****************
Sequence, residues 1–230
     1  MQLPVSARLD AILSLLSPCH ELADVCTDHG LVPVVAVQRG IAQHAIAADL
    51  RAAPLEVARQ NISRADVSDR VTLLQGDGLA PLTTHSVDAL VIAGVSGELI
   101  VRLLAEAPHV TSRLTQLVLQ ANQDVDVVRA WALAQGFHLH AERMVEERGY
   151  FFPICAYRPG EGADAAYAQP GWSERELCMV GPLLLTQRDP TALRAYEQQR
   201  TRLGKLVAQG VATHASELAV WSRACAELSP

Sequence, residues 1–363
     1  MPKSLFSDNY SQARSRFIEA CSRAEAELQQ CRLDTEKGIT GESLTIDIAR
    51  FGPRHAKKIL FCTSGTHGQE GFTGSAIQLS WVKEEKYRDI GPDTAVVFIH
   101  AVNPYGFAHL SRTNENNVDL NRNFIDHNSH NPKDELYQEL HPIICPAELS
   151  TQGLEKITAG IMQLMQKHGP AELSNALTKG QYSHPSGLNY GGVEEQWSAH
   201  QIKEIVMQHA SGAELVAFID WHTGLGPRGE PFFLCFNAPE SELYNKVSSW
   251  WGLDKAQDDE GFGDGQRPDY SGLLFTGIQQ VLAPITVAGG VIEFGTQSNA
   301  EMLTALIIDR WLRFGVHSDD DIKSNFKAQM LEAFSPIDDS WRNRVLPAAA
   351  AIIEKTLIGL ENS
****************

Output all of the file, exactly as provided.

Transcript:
Sequence, residues 1–230
     1  MQLPVSARLD AILSLLSPCH ELADVCTDHG LVPVVAVQRG IAQHAIAADL
    51  RAAPLEVARQ NISRADVSDR VTLLQGDGLA PLTTHSVDAL VIAGVSGELI
   101  VRLLAEAPHV TSRLTQLVLQ ANQDVDVVRA WALAQGFHLH AERMVEERGY
   151  FFPICAYRPG EGADAAYAQP GWSERELCMV GPLLLTQRDP TALRAYEQQR
   201  TRLGKLVAQG VATHASELAV WSRACAELSP

Sequence, residues 1–363
     1  MPKSLFSDNY SQARSRFIEA CSRAEAELQQ CRLDTEKGIT GESLTIDIAR
    51  FGPRHAKKIL FCTSGTHGQE GFTGSAIQLS WVKEEKYRDI GPDTAVVFIH
   101  AVNPYGFAHL SRTNENNVDL NRNFIDHNSH NPKDELYQEL HPIICPAELS
   151  TQGLEKITAG IMQLMQKHGP AELSNALTKG QYSHPSGLNY GGVEEQWSAH
   201  QIKEIVMQHA SGAELVAFID WHTGLGPRGE PFFLCFNAPE SELYNKVSSW
   251  WGLDKAQDDE GFGDGQRPDY SGLLFTGIQQ VLAPITVAGG VIEFGTQSNA
   301  EMLTALIIDR WLRFGVHSDD DIKSNFKAQM LEAFSPIDDS WRNRVLPAAA
   351  AIIEKTLIGL ENS